Additional Punishment: In addition to the punishment of jail or probation, if found guilty of unlawful communication with an inmate or prisoner, the defendant may be punished by being banned from the court or jail where the crime occurred, court fines and fees, immigration consequences, civil lawsuits, and more.
PC 4570 Defenses
Common defenses to PC 4570 allegations include insufficient evidence to prove the defendant was the person who was communicating with the inmate or prisoner, mistake of fact, coerced confession, alibi defense, Miranda violations (Right to Remain Silent Warning), jury nullification, and more.
Judicial Diversion: PC 4570 is a crime that is eligible for judicial diversion, but judicial diversion is not guaranteed. Essentially, judicial diversion is a legal process that circumvents prosecution. The result of judicial diversion is that the defendant avoids a criminal conviction. For more information, see Judicial Diversion.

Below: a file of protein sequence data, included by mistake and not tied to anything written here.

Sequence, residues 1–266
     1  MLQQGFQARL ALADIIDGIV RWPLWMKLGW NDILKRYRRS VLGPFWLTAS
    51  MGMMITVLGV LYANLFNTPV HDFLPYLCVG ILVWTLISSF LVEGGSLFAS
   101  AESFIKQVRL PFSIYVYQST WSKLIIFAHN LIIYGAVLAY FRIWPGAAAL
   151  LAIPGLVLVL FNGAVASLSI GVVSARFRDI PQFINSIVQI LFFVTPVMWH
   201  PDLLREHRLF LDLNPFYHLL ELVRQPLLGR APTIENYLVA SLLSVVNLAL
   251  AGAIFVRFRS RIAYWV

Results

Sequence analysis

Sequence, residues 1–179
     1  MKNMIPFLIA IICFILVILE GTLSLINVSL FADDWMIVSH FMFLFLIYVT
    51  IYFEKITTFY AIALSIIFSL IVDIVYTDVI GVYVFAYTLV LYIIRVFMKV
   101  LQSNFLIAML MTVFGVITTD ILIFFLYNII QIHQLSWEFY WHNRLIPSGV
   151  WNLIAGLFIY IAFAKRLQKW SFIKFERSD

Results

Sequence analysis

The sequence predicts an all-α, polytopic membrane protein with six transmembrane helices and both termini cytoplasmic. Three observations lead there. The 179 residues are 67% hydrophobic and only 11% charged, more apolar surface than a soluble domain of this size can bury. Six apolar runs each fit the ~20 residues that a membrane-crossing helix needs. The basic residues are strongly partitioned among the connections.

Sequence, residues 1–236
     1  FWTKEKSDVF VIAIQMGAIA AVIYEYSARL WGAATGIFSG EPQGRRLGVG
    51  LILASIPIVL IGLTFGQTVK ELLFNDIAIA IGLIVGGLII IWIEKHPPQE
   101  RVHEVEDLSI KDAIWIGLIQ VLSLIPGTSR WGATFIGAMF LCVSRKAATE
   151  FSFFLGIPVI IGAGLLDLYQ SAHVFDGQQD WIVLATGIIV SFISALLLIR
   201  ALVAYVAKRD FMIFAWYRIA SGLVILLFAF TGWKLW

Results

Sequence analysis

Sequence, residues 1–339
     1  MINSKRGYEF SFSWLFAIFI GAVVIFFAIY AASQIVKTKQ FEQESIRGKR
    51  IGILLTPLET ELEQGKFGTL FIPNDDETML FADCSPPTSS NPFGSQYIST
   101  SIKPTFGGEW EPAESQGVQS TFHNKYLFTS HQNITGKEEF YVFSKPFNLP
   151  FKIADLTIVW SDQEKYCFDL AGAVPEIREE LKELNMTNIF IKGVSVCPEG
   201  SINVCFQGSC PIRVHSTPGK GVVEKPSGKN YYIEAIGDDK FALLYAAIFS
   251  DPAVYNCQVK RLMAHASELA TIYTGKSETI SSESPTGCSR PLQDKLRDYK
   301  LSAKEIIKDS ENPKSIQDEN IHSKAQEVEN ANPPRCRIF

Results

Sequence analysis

Post-Conviction Relief: After a criminal conviction for PC 4570, the defendant may have several post-conviction options depending on how the defendant was convicted (i.e., conviction by plea of ‘guilty,’ ‘no contest,’ or by jury or judge after trial). These post-conviction remedies include appealing the criminal conviction, withdrawing a ‘guilty’ or ‘no contest’ plea, terminating the PC 4570 probation sentence early, expungement of the PC 4570 conviction, and more.
If you or a loved one is charged with the crime of communicating with an inmate without permission (unlawful communication with inmate), or California penal code 4570, contact our criminal defense attorneys today for a free consultation. Our defense team has successfully helped hundreds of defendants charged with misdemeanor and felony crimes in the Inland Empire, including the cities and courts of Redlands, Rancho Cucamonga, Hesperia, Victorville, Rialto, Fontana, Yucaipa, Ontario, Chino, Riverside, Banning, and more. Call today!